# SHA-1 collisions with RSA signatures

Could you confirm whether my understanding of the SHA-1 collision issue is correct?

If for certificate $A$, the message digest equals to $X$ and a Root CA signs it with its private key everyone can verify its authenticity by decrypting the signature with the public key that is pre-loaded in to the browser in form of a X.509 certificate, correct?

So given the hash value of $X$ over the certificate and while not knowing the private key that signed the hash, I know that the final result (signature) = $Y$.

I compute another certificate (with the Issuer filed set to the Root CA that signed the real certificate) so that it’s hash value will as well = $X$. So with two different certificates (data input) we were able to get the same hash (collision occurred).

I still don't know the signers (Root CA that signed the original certificate) private key, but I know that the hash value of $X$ signed with his private certificate = $Y$.

I take my fake certificate and try to impersonate the legit website. I "steal" e.g. copy the signature (bytes) from the original certificate and send them along with the fake cert to the user/browser when the connection is set up.

Now, the browser will run few checks. It will, try to decrypt the signature with the public key that is wrapped in the X.509 certificate that is pre-loaded in to the browser.

Because we assume (we hope) that our hashing algorithm is collision resistant, the public key decrypts the signature and the browser is able to calculate the same hash value, hence proving the authenticity of the certificate and that it was not changed during transit.

• It's somewhat better now, but I'm missing a real question. What part are you uncertain about? Mar 18 '17 at 23:09
• @MaartenBodewes The question is, whether what I describe is technically correct, and if it describes the issue behind moving away from SHA-1 to SHA-2. I know that it was proven recently that it's not collision resistant but I was looking for issues related to this. I've provided my understanding, why it might cause issues, the "why's" behind it . I would appreciate if someone could validate it, or otherwise correct me. Mar 18 '17 at 23:12

## 1 Answer

Correct. Essentially the issue is that you sign a hash of the document, so any other document with the same hash you have also signed.

However, you should not really mix terminology like "decrypts the signature". Signatures are "verified". Even in the case of RSA where the basic operation is similar to decryption, the verification involves other things like different padding that must be checked.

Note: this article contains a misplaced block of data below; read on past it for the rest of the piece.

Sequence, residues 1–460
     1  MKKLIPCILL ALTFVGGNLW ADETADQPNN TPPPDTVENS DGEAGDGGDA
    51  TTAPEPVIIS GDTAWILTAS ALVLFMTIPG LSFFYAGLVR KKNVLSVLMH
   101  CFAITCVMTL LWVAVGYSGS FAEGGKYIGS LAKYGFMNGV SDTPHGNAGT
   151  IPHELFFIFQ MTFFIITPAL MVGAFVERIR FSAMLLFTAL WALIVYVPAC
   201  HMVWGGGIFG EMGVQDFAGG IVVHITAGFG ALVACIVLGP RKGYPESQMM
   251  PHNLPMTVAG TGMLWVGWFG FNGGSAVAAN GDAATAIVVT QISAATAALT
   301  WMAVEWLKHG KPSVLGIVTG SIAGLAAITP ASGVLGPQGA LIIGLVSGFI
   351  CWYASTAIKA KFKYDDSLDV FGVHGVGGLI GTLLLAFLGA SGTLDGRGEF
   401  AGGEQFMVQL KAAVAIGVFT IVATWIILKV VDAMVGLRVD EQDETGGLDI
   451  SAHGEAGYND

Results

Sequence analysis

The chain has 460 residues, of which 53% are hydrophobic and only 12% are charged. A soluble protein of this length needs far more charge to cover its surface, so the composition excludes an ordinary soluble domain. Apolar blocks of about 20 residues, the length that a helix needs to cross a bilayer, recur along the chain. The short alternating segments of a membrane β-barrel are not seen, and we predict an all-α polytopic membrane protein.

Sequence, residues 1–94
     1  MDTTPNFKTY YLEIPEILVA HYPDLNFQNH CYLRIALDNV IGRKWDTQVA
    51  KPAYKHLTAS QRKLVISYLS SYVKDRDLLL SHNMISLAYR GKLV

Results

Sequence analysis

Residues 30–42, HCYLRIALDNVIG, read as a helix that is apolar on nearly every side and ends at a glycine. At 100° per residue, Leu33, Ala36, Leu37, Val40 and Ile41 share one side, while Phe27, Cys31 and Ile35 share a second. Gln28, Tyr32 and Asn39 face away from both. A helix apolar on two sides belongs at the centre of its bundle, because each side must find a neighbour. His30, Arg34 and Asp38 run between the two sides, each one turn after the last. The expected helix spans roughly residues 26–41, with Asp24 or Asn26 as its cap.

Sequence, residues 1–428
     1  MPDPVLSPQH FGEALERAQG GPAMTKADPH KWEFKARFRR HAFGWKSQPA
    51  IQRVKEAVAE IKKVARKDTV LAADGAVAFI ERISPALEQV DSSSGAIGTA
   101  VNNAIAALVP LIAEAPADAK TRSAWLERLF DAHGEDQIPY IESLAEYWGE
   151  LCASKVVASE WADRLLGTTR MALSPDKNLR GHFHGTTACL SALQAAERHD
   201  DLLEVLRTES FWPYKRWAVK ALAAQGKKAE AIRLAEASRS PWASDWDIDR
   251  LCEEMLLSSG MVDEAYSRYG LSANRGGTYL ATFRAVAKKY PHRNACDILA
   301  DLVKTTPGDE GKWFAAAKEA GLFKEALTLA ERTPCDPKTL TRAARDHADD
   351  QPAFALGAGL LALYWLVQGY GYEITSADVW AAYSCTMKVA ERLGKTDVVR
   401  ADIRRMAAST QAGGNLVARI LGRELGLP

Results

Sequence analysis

• Thank you for looking into this. One question though, how can I identify the signature algorithm used? Is it somehow in the ssl handshake? Mar 19 '17 at 9:44
• @adam86, do you mean the signature algorithm that the certificate's public key will use in TLS or the signature algorithm used to sign the cert? In either case it is a part of the certificates in question. E.g. you can see the one for Stack Exchange in Chrome if you navigate to the HTTPS version of this page, open the Security tab of developer tools and click view certificate. (In Firefox you can get the same by clicking the lock symbol, and moving on from there.)
– otus
Mar 19 '17 at 11:07
• Please apologize for my late reply. The more I learn the more conusing it gets :/ I was assuming that the CA signs the certificate with the public key inside and that's it. Or do you mean the part of a RSA key exchange SSL handshake where the client is using the public key to sign the pre-master secret? I appreciate your help in advance. Mar 19 '17 at 14:45
• @adam86 the CA uses their cert's public key to sign the other certificate. That cert's public key is used to authenticate the key exchange.
– otus
Mar 19 '17 at 14:50
• @adam86, yes, the CA signs the server cert which contains the public key. They sign with the private key corresponding to the public key in the root/intermediary cert (misspoke above).
– otus
Mar 19 '17 at 17:10